Figure 4: Thatched house at Fintragh, near Killybegs

The majority of the surviving thatched houses in west Donegal were originally constructed as three-bay dwellings with a central doorway.  The position of the chimneystacks at Fintragh, near Killybegs, indicates that it was extended along its length at some point, which is another typical feature of the region (fig. 4).  Frequently rooms were added at either end creating a building with a long, low profile and numerous chimneystacks: a good example is seen at Tievedooly, near Killybegs (fig. 5).

Donegal Thatch 05 - Tievedooly 

Figure 5: Thatched house at Tievedooly, near Killybegs

Bed outshots are another characteristic of the vernacular houses of west Donegal.  These consist of a small shallow projection on the rear wall adjacent, or originally adjacent to the hearth in the kitchen: housing a bed, usually for an elderly occupant, the outshot availed of the warmth of the fire.  Bed outshots were originally positioned at one end of the house but later extensions sometimes leave these features to one side of the centre, as at An Srath Buí (fig. 6).  The blank or largely blank rear elevation is another typical feature of the region.

Donegal Thatch 06 - An Srath Bui 

Figure 6: A view of the rear elevation of the thatched house at An Srath Buí, near Gleann Cholm Cille [Glencolumbkille], shows the characteristic bed outshot

Some early thatched houses have a byre or outbuilding for animals attached to one end and sharing the same roofline.  A good example is seen at Drumgorman, near Mountcharles (fig. 7).  Such houses may be of considerable antiquity and, in this instance, could be a rare surviving example of the eighteenth-century "byre-dwelling" or "long house" once common in west Donegal.  It is also likely that many byres or outbuildings were later converted to residential use and now form part of the main house.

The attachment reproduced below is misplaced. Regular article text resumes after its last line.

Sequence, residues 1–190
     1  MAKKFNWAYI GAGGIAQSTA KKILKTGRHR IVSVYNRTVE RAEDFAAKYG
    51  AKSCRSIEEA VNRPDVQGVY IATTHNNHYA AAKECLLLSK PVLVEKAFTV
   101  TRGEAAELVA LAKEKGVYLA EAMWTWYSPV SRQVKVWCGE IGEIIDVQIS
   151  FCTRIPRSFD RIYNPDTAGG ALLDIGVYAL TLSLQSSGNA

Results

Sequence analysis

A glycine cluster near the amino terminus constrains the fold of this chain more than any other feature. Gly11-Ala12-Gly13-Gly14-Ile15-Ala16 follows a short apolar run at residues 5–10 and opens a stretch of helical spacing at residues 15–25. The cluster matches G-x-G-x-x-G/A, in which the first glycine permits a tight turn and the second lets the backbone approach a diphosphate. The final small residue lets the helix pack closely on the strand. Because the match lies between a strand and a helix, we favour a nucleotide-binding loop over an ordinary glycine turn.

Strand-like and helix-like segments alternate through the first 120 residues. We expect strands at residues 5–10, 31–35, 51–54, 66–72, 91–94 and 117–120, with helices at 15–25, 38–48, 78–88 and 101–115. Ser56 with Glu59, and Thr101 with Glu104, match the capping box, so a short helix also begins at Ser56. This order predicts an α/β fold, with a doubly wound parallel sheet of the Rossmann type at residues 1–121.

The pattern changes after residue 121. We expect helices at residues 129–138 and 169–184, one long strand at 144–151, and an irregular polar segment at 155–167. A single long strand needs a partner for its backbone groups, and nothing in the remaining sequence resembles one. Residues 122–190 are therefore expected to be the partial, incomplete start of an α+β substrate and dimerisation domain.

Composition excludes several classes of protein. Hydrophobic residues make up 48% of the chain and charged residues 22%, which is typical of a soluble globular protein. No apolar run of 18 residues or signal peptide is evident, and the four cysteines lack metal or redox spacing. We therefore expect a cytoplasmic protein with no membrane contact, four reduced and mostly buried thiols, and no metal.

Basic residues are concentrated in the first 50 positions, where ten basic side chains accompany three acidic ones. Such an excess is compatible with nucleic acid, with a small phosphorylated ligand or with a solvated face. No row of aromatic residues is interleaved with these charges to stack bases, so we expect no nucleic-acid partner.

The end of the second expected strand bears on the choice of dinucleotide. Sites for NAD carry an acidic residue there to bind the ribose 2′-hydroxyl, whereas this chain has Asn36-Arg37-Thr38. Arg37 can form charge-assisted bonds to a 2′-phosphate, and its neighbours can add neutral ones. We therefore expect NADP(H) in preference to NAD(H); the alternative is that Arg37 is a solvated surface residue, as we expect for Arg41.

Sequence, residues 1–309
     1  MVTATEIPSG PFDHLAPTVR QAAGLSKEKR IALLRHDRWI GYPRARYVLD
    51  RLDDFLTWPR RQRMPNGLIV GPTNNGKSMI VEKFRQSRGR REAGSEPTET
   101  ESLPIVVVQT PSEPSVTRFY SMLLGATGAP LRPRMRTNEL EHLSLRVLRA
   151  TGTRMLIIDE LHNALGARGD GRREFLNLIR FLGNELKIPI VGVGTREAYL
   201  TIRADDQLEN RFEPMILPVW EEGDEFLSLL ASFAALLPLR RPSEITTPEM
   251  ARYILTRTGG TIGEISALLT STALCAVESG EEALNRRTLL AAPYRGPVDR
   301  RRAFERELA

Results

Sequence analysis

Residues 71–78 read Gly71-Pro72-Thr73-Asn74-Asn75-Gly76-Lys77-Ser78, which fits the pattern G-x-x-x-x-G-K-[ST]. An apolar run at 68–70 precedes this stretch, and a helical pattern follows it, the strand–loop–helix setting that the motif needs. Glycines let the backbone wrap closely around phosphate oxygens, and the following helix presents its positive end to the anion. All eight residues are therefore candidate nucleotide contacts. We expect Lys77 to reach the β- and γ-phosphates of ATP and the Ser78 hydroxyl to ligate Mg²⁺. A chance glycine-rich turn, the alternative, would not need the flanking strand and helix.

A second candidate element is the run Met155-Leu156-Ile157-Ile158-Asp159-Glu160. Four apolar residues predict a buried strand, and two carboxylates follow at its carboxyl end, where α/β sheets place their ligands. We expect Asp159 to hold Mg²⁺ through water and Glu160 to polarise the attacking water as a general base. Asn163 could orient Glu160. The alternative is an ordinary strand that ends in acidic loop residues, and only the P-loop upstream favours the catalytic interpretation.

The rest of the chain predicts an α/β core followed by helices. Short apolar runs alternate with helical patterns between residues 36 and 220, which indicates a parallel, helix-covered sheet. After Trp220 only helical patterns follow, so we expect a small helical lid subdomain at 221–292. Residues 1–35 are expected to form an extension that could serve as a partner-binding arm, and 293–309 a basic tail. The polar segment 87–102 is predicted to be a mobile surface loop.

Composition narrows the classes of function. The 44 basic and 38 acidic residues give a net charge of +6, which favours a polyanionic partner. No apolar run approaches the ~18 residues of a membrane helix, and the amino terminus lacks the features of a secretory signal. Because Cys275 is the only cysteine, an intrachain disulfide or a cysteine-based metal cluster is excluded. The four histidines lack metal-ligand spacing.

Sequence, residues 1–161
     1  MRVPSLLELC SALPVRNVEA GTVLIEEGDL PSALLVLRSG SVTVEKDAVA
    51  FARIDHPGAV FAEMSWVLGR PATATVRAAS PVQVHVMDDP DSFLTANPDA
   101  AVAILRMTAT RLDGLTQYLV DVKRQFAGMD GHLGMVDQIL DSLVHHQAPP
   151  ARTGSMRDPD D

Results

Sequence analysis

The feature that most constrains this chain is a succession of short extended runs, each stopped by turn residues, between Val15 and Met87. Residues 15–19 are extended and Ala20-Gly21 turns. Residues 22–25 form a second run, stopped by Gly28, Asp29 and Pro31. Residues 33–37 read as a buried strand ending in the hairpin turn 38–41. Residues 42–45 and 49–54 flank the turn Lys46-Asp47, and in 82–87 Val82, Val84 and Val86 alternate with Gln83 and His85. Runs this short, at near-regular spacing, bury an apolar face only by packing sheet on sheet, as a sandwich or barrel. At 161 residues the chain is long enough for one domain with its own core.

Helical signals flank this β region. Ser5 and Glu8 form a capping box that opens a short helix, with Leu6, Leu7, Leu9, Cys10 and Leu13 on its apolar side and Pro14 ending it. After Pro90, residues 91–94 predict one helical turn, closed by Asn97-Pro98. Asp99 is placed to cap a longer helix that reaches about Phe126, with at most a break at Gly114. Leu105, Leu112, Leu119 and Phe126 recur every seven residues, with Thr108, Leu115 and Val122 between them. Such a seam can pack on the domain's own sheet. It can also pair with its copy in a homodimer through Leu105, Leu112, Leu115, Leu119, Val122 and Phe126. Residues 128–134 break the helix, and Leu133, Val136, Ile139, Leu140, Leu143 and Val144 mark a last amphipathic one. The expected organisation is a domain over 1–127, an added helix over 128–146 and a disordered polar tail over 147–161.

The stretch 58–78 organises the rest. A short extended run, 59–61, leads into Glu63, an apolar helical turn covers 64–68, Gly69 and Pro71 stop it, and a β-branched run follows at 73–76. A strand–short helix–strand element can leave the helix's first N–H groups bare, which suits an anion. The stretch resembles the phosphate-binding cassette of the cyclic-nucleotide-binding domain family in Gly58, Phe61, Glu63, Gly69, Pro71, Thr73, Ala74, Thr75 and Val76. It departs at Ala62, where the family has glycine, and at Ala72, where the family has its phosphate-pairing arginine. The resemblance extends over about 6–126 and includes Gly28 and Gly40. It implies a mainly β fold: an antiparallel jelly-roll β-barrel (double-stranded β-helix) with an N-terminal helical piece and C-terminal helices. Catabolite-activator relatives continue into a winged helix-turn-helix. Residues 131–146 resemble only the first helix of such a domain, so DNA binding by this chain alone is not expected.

Donegal Thatch 07 - Drumgorman 

Figure 7: A thatched house at Drumgorman, near Mountcharles, a good example of a house with attached byre or outbuilding at one end

A number of thatched outbuildings also survive and are usually associated with a thatched house (figs. 8-9).  These are generally of rubble stone construction with pegs at eaves level used for securing ropes over the thatch as seen on many of the houses.

Donegal Thatch 08 - An Baile Ard 

Figure 8: A thatched outbuilding at An Baile Ard, near Mountcharles

Donegal Thatch 09 - Tamur (Bonnyglen) 

Figure 9: A thatched house and associated thatched outbuilding at Tamur (Bonnyglen), near Ardara.  The house is notable for the high raised verges on the gable ends

Thatched houses, until recent years, were also a common feature of the streetscapes of towns and villages across west Donegal.  Few now survive although many altered or re-roofed examples can still be seen.  A good example of a thatched urban house survives at the north-west end of Ballyshannon (fig. 10).

Donegal Thatch 10 - Dorrian's, Ballyshannon 

Figure 10: Dorrian's, Bishop Street, Ballyshannon, a rare surviving urban thatched house subsequently adapted to a commercial use